Wales has highest sickness absence rates of UK nations says ONS, but differences explained by demographics
Wales had the highest sickness absence rates in the UK in 2021, but the differences were explained by different demographics, the Office for National Statistics has said.
Sickness absence rates had decreased in 2020 due to the number of people on furlough and working at home due to the Covid pandemic, but rose again in 2021.
In 2021, workers living in Wales had the highest sickness absence rate (2.8%), while those in London had the lowest (1.7%).
“These figures can be largely explained by the differing age profiles and occupations for workers in different parts of the UK,” the ONS said.
The groups with the highest rates included women, older workers, those with long-term health conditions, part-timers and people working in caring, leisure and other service occupations.
The sickness absence rate across the UK rose to 2.2%, from a record low of 1.8% in 2020 – the highest since 2010, when it was also 2.2%. That was the equivalent of 4.6 days per worker, said the ONS.
The relaxation of coronavirus restrictions during periods of 2021 and less requirement to work from home, may have contributed to an increase in sickness absence in 2021, said the ONS.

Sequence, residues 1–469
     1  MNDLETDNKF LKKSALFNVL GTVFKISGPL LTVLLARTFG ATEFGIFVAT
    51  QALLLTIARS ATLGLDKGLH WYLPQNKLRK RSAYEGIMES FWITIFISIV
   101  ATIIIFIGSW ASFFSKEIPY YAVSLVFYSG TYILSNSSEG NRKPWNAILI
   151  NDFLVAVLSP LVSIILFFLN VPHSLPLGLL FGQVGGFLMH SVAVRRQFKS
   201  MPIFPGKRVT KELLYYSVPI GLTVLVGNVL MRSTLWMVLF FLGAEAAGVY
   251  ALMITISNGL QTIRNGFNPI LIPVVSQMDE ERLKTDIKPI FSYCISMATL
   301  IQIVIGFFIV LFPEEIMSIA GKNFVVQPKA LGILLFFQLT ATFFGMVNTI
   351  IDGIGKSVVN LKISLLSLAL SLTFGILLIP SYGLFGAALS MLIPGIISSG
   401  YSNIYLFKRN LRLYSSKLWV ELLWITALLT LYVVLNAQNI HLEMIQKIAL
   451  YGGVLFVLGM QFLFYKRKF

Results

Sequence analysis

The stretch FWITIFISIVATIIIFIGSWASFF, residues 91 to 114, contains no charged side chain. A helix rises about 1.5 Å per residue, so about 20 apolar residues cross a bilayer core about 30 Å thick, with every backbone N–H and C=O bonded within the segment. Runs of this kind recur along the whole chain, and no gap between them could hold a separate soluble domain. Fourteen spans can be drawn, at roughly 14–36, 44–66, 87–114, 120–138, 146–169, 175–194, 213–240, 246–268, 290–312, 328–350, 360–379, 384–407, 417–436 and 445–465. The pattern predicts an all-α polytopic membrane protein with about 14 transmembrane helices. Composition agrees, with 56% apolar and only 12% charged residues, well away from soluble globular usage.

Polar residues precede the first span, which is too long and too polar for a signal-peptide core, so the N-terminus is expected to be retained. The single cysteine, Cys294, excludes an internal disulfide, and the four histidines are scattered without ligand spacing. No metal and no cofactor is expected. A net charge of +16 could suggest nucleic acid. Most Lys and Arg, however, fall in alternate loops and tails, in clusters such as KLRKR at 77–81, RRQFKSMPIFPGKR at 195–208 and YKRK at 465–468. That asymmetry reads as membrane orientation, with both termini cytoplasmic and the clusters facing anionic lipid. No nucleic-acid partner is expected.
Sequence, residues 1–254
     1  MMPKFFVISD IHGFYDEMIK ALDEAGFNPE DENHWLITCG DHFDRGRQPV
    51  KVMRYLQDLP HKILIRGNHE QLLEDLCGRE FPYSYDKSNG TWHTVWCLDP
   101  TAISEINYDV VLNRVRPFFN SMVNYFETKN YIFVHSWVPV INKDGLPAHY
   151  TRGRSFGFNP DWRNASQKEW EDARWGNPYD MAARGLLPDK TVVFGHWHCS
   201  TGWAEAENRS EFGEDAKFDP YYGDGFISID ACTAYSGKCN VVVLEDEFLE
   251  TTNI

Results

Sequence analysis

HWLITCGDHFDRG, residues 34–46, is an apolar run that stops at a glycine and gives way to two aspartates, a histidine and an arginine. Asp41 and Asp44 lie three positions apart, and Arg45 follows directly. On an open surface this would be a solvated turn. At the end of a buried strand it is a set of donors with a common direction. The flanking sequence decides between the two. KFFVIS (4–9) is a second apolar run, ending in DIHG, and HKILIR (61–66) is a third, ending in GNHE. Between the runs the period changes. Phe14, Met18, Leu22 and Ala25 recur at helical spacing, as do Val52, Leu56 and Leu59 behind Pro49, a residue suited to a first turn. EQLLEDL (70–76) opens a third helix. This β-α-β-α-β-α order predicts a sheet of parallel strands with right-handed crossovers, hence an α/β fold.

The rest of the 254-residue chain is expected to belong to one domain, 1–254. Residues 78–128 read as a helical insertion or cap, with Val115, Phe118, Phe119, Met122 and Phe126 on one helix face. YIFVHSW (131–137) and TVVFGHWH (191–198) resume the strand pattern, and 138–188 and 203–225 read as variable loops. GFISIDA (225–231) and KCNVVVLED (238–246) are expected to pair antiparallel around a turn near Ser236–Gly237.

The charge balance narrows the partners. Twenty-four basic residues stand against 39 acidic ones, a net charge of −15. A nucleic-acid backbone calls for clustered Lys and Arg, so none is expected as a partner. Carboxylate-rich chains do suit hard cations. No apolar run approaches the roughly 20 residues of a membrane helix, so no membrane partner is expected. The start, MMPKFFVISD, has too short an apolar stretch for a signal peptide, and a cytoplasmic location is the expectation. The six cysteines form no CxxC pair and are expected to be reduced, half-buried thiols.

Covid-19 accounted for nearly one in four of all sickness absence in 2021, up from 13.9% in 2020.
Tina McKenzie from the Federation of Small Businesses said: “The average cost of sickness absence, including finding cover, stands at more than £3,000 a year for small employers, equating to £5 billion across the small business community as a whole.”
She said that, with operating costs “surging”, small firms “need more financial assistance to go on doing right by their staff when they’re unwell.”
She added: “On the day that the Government has announced yet more help for big energy intensive companies, we’re asking policymakers to take forward our joint proposal with the TUC for a small business sick pay rebate which will help those who have received no help whatsoever with utility bills.
“Allowing small community businesses to recover sick pay costs will give them that much more space to invest, recruit and retain staff, spurring our economic recovery from the grass roots up.”
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